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We All Dream in Gold ®

We All Dream in Gold ®

Homestead Exemption

Personal TJ Fisher dispatch and reflections:

Current non-Florida resident?

It is always a good time to shake up the status quo and protect yourself and your family with a new all-important Florida domicile. For purposes of jurisdiction, “domicile” means a legal residence which is the place where a person has a fixed dwelling with an intention of making it his/her permanent home. This is paramount to a Florida HOMESTEAD asset protection.

Make note. Move here to the Town of Palm Beach (or West Palm Beach), Florida ASAP. Get a new lease on life. Change your home-base. Alter your M.O. Protect yourself, your assets, and your family, with a Florida HOMESTEAD property. You won’t regret it.

Come on down. Fly South.

Of utmost importance, the golden sunshine state of Florida has unlimited “Homestead” protection. Local residency required. No other state offers this. Yes, I am taking to you. Do you see the big picture, read between the lines? What makes the Florida Homestead protection such a powerful asset protection tool is its unlimited monetary protection (and its exemption from so-called fraudulent conversion of assets, i.e. the movement of non-exempt assets $ into a Homestead).

If your eyes have not been opened, they should be.

There is a reason that titans, captains of industry, hedge-funders, media moguls, rogues, pirates, misfits, villains, bad boys, shady persons, socialites, hipsters and the legally-challenged of all types tail-it to Florida. The noble and ignoble, the famed and infamous, alike, gravitate to Florida.

Pull up stakes and head South.

A Florida bona fide resident can invest tens of millions of dollars in a large estate home and protect the full value of this luxury residence. No waiting period required. Just the requirement to purchase a “Homestead” property and establish immediate residency, i.e. get a Florida driver’s license and voter registration. Welcome to Florida! Voila! And there you have it.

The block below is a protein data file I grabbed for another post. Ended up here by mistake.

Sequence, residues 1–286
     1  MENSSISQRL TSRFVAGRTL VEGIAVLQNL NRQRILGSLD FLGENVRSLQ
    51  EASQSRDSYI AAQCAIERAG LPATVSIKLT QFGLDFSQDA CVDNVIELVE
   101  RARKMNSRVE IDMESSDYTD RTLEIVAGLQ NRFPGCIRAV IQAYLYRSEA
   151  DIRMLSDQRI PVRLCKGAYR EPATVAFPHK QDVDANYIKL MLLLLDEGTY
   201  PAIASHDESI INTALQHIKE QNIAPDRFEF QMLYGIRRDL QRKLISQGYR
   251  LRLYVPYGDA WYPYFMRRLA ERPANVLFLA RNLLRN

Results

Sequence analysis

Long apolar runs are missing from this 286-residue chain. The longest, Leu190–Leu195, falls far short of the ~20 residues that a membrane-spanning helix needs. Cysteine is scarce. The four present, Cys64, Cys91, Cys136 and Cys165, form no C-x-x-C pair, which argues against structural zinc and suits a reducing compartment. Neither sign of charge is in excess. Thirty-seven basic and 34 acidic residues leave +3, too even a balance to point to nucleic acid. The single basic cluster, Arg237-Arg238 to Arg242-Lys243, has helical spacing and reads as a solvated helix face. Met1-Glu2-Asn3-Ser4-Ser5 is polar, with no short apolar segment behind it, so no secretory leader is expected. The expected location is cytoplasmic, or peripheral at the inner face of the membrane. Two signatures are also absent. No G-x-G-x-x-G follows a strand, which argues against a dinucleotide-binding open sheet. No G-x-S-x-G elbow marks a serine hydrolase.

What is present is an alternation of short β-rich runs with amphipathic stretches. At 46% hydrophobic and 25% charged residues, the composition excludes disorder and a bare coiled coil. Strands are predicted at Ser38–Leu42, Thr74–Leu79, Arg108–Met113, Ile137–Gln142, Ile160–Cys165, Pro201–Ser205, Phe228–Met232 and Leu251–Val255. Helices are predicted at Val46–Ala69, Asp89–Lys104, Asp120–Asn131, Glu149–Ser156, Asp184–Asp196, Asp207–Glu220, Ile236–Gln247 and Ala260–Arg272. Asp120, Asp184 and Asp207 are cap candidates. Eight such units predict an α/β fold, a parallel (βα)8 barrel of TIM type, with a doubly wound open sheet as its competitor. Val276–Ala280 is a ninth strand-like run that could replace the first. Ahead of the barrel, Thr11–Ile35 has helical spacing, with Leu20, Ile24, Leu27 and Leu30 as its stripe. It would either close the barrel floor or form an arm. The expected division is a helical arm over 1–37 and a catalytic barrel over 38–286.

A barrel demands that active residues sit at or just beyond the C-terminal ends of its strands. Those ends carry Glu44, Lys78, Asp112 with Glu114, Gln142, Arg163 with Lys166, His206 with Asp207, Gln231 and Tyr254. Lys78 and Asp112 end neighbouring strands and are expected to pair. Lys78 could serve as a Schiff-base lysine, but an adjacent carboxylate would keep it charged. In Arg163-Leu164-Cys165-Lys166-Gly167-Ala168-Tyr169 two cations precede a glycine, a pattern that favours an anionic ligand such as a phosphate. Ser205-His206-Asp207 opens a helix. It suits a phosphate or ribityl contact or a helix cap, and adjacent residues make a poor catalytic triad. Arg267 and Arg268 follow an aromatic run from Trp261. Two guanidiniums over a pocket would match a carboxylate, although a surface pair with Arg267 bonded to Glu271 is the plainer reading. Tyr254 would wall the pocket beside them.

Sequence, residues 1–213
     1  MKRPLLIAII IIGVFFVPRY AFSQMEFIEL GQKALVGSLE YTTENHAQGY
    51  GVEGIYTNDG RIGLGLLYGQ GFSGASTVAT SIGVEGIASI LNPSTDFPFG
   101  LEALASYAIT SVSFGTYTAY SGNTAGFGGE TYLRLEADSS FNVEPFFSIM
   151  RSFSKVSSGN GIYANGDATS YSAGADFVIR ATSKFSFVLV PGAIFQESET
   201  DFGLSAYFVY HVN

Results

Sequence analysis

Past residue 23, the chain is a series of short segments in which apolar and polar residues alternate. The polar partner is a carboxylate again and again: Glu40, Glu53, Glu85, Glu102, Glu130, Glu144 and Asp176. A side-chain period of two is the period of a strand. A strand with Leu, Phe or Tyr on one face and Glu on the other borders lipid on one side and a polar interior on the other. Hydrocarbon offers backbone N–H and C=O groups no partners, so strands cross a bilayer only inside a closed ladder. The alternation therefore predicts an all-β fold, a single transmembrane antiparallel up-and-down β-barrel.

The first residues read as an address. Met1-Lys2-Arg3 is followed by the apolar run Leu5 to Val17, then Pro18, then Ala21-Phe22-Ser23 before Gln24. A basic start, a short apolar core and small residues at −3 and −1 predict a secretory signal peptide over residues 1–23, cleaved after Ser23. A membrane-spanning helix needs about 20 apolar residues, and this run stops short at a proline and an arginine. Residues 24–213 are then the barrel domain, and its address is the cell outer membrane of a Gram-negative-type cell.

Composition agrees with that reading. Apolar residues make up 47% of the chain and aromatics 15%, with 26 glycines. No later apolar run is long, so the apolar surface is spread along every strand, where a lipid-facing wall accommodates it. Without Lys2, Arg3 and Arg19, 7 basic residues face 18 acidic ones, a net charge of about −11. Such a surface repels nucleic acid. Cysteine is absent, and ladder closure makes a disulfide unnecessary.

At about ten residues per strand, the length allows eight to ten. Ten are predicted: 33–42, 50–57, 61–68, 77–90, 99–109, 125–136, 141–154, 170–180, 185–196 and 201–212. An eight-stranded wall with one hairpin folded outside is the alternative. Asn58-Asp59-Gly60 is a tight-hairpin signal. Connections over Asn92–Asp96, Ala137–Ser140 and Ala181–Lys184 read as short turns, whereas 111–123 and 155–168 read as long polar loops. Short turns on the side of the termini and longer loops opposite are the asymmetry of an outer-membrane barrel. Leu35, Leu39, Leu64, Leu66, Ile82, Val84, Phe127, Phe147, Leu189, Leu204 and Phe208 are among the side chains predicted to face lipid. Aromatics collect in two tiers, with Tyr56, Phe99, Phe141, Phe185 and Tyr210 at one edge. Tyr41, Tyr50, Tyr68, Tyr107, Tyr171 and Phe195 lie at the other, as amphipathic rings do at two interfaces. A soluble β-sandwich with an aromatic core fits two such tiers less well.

Yes, Palm Beach is the perfect strong safe-haven refuge, in more ways than one.

Practice foresight, not denial. Not hindsight.

The Homestead is protected from creditors and lawsuits, and the protection survives to carry through to heirs. The Homestead exemption is the highest form of asset protection because it is embodied in Florida’s Constitution and statutes, and it has been rigorously and consistently upheld by the courts.

This Florida-domicile Homestead exemption shields/safeguards the primary home from levy and execution by (actual and potential) judgment creditors.

A judgment creditor cannot force the sale of the Homestead to satisfy a money judgment. I.e. Article X, Section 4 of The Florida Constitution states that Homestead property in Florida is “exempt from forced sale under process of any court.” This means that judgment creditors cannot levy and execute on property that falls within the definition of a Florida Homestead.

Florida Homestead protection is a shield against not just a State of Florida Judgment but also the domestication/enforcement of a “Foreign Judgment” (a judgment obtained in another state or country). The Homestead exempt asset cannot be attached or sold.

To qualify for Homestead protection in Florida, a (hypothetical) debtor — such as someone who for instance lose a high-stakes lawsuit with a judicial monetary award being granted in the opponent’s favor — must be a permanent Florida resident and the Homestead property must be his or her primary place of residence. The full value of the home is protected. Likewise, adult family members can also each have a Homestead. The acquisition of a Florida Homestead, and Homestead properties for family members, can be an ultimate “estate planning” tool.

Property that is not occupied by the owner (for ½ of the calendar year) is not protected under Florida’s Homestead laws. Homesteaded property must be owned by a “natural person,” so property titled in the name of a corporation, a limited liability company, a partnership, or any form of irrevocable trust doesn’t quality.

Under a Florida Supreme Court ruling, a person can transfer unprotected, non-exempt assets to his or her Homestead at any time by either buying a new home or reducing the principal balance of an existing mortgage and protect this money under the Homestead umbrella, even if the asset transfer was clearly designed to hide money from creditors.